The quantity of UV light that passes through a sunscreen diminishes more and more as it passes through, a visual explanation is provided below using a SPF 3 (offering 30 minutes of protection) sunscreen absorbing 66% of light and applied in 4 layers to create protection equal to that of a SPF75 sunscreen (offering 750 minutes of protection), 25x more protection than a single layer:
So what’s happening in the above diagram you may ask? The first layer absorbs 66% of the light, transmitting 34%, at this point we focus on what is being transmitted to illustrate, if the second layer transmits 34% of the 34% transmitted by the first layer, then the second layer transmits 11.56% (34% x 34%), the third layer transmits 34% of the 11.56% (11.56% x 34% = 3.93%) and so on and so forth.
The same works in reverse for a sunscreen which has been incorrectly applied as follows:
The above shows that using 1/4 (25%) of the recommended amount of SPF50+ sunscreen (offering 600 minutes of protection) creates protection equivalent to an SPF3 sunscreen (offering 30 minutes of protection). Going back to the original complaint where the consumer was found to have used 1/8th of the recommended amount, the equivalent protection is in fact less than SPF2, it was almost not worth the effort or expense applying any sunscreen!
The below graph may also help to explain the relationship between SPF and applied amount:
There have been a number of studies performed demonstrating how little sunscreen we as consumers apply and that sunscreen performance claimed is rarely achieved. I suggest that the underlying fault lies in the standards used to substantiate SPF where there is a huge difference between the amounts used to measure SPF in the laboratory and that typically used when we’re at the pool, beach or playing sport.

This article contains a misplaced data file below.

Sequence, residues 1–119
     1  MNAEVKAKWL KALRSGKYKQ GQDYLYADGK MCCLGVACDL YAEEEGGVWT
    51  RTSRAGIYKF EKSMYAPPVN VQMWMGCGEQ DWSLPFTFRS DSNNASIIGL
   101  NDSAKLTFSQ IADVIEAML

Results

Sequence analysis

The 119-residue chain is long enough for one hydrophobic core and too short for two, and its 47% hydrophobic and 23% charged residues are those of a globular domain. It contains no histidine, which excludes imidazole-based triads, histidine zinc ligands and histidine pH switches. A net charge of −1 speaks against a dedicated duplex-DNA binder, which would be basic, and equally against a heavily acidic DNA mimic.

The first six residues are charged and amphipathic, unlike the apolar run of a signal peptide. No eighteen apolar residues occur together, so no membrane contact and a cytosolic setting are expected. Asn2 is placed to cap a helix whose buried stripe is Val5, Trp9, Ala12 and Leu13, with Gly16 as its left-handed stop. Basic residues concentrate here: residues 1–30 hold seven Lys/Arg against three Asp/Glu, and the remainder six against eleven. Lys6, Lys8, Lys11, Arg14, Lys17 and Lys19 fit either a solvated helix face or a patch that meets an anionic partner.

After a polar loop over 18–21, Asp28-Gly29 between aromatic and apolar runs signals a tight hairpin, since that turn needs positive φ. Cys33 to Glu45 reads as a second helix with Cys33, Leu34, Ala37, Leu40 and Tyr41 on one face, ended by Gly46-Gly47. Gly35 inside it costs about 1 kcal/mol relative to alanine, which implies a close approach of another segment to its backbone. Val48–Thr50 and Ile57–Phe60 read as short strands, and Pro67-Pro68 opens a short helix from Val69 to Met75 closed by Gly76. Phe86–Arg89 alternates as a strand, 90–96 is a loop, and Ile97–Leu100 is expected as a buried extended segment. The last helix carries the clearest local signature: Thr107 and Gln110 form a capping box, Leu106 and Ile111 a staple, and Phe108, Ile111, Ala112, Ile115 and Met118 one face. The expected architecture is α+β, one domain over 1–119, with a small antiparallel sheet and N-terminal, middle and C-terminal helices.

What does it all mean?
It is not necessarily reasonable to expect consumers to fully appreciate the amount we should be applying, we apply what feels right and what feels right is rarely the recommended amount! Logic suggests that the standards used to certify sunscreen should be updated to incorporate an amount that reflects what we use, or at least something more in-line with what we use, such that the claimed SPF is similar to that which we can expect to achieve. Having said that, the implications are that SPF50+ as the maximum claimable SPF isn’t likely to be reduced to account for a lower use amount so it really is up to the sunscreen industry to formulate product the encourages the use of more sunscreen, in the meantime however, we as consumers must learn to apply sunscreen properly.
It is simply not enough just to be wearing ‘some’ sunscreen, particularly if your intention is to be out in the sun for long periods of time, you must apply ‘a lot’ of sunscreen. If we were to think of UV radiation as a bullet with the potential to kill you, sunscreen could be thought of as a bullet proof vest and wrapping ourselves in aluminum foil is not going to stop a bullet… How much sunscreen should you apply, the answer is quite simply ‘a lot’.
And don’t forget to re-apply frequently!